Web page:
They make sure that staff are well trained and have a good knowledge of the subjects they teach. New subject leaders are well supported. They are enthusiastic about the work they do to improve the curriculum.

All staff appreciate the ongoing training opportunities. They work together as a strong staff team.

Pupils with SEND are encouraged to be as independent as possible.

Staff are very aware of individual needs and encourage pupils to do their best. They plan additional learning opportunities to help pupils make progress. The special educational needs coordinator (SENCo) works closely with parents and external agencies to make sure pupils get the help they need.

All staff are committed to supporting pupils' personal development. They provide many opportunities, including a range of residential experiences, to help pupils develop confidence and resilience. Pupils are tolerant and display a strong sense of fairness and equality in the way they treat each other.

They are keen to help and take on responsibilities. They display a sense of moral purpose. For example, pupils were quick to suggest ways to fundraise following an assembly by a local hospice.

Leaders make sure that pupils' voices are heard.

Pupils get a great start to school in the early years. This is because leaders and staff have high expectations of what pupils can do from the very beginning.

Children develop skills in reading, writing and number. They are eager to use these when working independently. Adults bring learning alive and help children to make links with the real world.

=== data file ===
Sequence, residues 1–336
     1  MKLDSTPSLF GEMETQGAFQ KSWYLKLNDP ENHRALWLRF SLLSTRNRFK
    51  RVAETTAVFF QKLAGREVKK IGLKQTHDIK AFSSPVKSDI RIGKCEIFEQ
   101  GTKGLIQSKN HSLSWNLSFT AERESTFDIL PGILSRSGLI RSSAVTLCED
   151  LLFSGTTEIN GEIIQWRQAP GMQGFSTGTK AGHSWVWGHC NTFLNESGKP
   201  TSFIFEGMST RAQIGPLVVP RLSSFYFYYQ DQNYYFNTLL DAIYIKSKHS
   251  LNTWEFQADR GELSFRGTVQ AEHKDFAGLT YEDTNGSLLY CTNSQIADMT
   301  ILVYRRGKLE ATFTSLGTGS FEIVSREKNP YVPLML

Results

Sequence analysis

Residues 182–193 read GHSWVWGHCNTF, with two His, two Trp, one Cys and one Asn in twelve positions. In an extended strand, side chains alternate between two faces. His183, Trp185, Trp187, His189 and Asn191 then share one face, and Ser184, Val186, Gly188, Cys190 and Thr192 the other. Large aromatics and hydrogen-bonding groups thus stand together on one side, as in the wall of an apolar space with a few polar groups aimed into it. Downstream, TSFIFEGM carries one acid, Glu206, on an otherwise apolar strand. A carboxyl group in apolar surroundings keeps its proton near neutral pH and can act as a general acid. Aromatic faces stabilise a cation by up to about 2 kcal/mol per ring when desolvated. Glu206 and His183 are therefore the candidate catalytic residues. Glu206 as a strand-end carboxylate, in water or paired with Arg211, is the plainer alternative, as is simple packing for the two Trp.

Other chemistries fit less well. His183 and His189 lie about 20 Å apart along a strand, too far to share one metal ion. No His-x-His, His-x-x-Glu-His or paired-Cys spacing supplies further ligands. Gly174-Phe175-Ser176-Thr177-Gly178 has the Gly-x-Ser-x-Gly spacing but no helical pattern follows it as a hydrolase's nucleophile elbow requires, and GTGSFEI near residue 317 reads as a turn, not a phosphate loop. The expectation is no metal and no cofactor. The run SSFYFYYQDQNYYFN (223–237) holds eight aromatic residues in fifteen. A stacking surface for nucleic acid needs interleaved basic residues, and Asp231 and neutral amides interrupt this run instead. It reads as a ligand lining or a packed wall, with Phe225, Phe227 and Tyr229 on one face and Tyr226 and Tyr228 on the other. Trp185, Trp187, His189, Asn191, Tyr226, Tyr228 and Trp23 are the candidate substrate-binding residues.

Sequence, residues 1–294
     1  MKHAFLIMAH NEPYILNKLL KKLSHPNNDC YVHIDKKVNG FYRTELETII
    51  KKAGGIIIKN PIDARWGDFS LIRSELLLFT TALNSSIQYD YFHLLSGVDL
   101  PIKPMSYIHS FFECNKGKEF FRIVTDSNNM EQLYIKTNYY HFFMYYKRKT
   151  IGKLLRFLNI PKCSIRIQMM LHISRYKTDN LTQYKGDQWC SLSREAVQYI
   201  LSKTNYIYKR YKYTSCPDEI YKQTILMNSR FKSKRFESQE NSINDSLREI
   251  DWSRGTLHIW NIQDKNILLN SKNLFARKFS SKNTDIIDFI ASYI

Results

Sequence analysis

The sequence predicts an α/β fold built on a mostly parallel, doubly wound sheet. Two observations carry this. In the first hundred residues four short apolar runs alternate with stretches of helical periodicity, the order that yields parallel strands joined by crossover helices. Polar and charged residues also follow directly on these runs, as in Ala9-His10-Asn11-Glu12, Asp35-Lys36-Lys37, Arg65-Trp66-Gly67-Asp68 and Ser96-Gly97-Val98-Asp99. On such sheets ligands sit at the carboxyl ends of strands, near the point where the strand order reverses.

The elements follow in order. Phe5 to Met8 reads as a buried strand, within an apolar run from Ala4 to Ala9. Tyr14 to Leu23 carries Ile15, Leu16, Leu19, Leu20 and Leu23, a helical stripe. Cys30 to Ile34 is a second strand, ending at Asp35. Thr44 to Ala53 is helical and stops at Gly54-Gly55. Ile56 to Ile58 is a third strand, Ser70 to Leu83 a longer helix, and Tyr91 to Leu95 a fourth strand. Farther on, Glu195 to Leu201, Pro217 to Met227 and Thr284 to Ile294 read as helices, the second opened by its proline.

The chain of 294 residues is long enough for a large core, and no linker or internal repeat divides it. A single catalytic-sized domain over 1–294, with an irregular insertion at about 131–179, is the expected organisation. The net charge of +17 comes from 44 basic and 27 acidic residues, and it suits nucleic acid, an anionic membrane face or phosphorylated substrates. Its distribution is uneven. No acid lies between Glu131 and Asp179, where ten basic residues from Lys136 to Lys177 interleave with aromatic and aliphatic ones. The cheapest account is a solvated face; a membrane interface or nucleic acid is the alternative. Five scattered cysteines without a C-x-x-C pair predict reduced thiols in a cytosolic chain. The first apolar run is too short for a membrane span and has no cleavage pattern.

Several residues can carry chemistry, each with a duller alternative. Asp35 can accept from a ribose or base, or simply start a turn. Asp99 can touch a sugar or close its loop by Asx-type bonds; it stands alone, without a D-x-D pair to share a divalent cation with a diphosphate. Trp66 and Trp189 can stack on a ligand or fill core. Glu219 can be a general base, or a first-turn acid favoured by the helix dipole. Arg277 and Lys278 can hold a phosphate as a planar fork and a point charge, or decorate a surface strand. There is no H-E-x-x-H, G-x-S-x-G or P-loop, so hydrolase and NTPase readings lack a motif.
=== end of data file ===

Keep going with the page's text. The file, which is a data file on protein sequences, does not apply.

Children share ideas, listen carefully and encourage one another. Relationships are very positive.


The arrangements for safeguarding are effective.

All staff really care about the well-being of every child. They know the pupils well and are vigilant. Leaders ensure that staff are well trained and know how to report a concern.

Designated safeguarding leaders work closely together to make sure vulnerable children and families get the help they need. They are skilled at breaking down barriers between families and external agencies.

Local police community support officers work with the school, teaching pupils how to keep themselves safe.

Older pupils learn about how to avoid getting drawn into gang and knife crime. All pupils learn how to use the internet safely.

What does the school need to do to improve?

(Information for the school and appropriate authority)

Leaders have developed a broad, engaging curriculum for pupils from the early years to Year 6.

It is particularly well planned and sequenced in English, mathematics, history and geography. However, not all of the foundation subjects are sufficiently coherently planned and sequenced yet. Leaders should continue to develop a coherent progression through the curriculum for each subject area.

. Leaders provide continuing professional development for all staff. Previous training has enabled teachers to be skilled in teaching reading, writing and mathematics.

Leaders should continue to support all staff to further develop their subject knowledge, particularly in the foundation subjects. . Some curriculum leaders are new to their role.

Senior leaders should help subject leaders develop their expertise so that they can fully support teachers to put the curriculum into practice. . Pupils achieve standards broadly in line with the national averages at the end of Reception and Year 2.

Standards at the end of Year 6 have continued to improve. Pupils are now reaching the higher standards in reading, for example. Leaders should continue to improve standards by the end of key stage 2.